New York Congressman Sean Patrick Maloney was in Newburgh Monday to announce he is taking legislative action to ensure the Department of Defense pays for the remediation of PFOS contamination at Stewart Air National Guard Base. Also there was New York’s Department of Environmental Conservation commissioner, who divulged the results of a PFOS fish study in the area.
Congressman Maloney, a Democrat from the 18th district, stood in front of the construction site of Newburgh’s new carbon filtration system, calling on the Department of Defense to take action in halting PFOS discharges at Stewart Air National Guard Base.
“And the time for bureaucratic foot-dragging and excuse-making is over,” Maloney says. “We need the Pentagon to step up and do its job.”
PFOS was found in May 2016 in Newburgh’s main drinking water source, Washington Lake, and the new filtration system for the lake is expected to be up and running in the fall. The city now draws water from the Catskill Aqueduct. PFOS has been linked to firefighting foams used at nearby Stewart Air National Guard Base. In August 2016, the state declared the base a Superfund site. Maloney says the Department of Defense needs to take immediate action to stop PFOS contamination at its source, which Maloney says is an effluent pipe right off the base.
“And this will cost money, which is why I have introduced an amendment to the Military Construction Appropriations bill, which we will vote on this week, which would put $35 million in the budget and explicitly require the Department of Defense to clean up sites like this one and to provide these types of filtration systems to guard against further contamination,” Maloney says.
Plus he says:
“That amendment is on the heels of legislative language that I’ve included in the appropriations bill already that makes clear that the Air Force has $15 million in additional funds to do exactly the type of filtration that is required here at Stewart Air National Guard Base,” Maloney says. “So the bottom line is there should be no more excuses after this week for the Pentagon. They should immediately use the funds Congress has provided, that I’m providing, in this appropriations bill, with the instructions Congress has given them now explicitly to clean up this mess at the source and to stop it from further contaminating our waterways.”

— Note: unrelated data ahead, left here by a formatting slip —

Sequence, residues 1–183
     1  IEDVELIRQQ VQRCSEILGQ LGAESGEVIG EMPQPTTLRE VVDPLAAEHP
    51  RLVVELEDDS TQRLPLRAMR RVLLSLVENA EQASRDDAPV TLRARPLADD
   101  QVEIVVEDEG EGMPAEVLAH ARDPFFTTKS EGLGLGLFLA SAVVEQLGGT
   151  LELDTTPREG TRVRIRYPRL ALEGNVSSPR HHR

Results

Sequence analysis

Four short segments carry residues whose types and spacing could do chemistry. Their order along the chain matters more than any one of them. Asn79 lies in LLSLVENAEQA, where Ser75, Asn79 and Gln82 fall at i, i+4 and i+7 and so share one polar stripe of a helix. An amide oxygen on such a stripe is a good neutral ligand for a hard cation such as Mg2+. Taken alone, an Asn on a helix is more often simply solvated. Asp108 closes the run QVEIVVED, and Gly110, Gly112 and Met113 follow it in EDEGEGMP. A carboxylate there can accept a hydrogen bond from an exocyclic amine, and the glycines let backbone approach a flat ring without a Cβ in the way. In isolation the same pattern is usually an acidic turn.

An Air Force spokesman could not be reached in time for this broadcast. New York state has found some of the highest concentrations of PFOS in outfalls from the base, at Recreation Pond. And the outfalls drain into Silver Stream and other tributaries to Washington Lake. Here’s state DEC Commissioner Basil Seggos.
“We’ve had an enormous of foot-dragging from the Department of the Defense over the last year, progress in bits, but nothing that’s comprehensive. We need action; we need to stop the bleeding at the source. And that is the Stewart Air National Guard Base. And that means that the Air National Guard, the Air Force, has to get out there and stop the discharges of PFOS from the property.”
Paul Gallay is president of Riverkeeper.
“The off-site contamination can be stopped. No more contamination should be coming off this property at the Air National Guard Base. It should be treated so that you don’t have increased contamination of Moodna Creek, so that you don’t have contamination reaching the Hudson River,” Gallay says. “So the Department of Defense needs to come and join the party.”
Meanwhile, the DEC’s Seggos announced the preliminary results of research into perfluorinated compounds, or PFCs, in fish in Newburgh.
“And what we found is that the levels of PFOS in fish in several of these waterways, seven of the eight waterways we looked at, are high enough that a ‘catch and release’ advisory should be in place for all seven waterways,” Seggos says.
He says the multilingual signs going up Monday are for Washington Lake, Silver Stream, Recreation Pond, Moodna Creek, Beaver Dam Lake, Lockwood Basin, and a stream from Stewart State Forest to Beaver Dam Lake. The DEC, with the state Department of Health, also released preliminary results of an ongoing study to assess PFC contamination in fish in the Hoosick Falls and Petersburgh area in Rensselaer County. DOH has issued a "catch and release" advisory for Thayers Pond after finding elevated levels of mainly PFOS in certain fish species in Thayers Pond in Hoosick Falls, one of the four water bodies tested.